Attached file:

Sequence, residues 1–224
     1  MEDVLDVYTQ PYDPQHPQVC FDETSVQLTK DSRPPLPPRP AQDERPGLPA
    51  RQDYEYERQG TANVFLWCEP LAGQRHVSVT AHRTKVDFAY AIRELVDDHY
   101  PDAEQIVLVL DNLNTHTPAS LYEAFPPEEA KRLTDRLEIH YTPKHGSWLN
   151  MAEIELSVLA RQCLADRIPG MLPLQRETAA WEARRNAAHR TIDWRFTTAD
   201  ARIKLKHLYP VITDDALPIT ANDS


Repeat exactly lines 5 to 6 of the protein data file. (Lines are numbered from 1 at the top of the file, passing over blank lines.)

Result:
   151  MAEIELSVLA RQCLADRIPG MLPLQRETAA WEARRNAAHR TIDWRFTTAD
   201  ARIKLKHLYP VITDDALPIT ANDS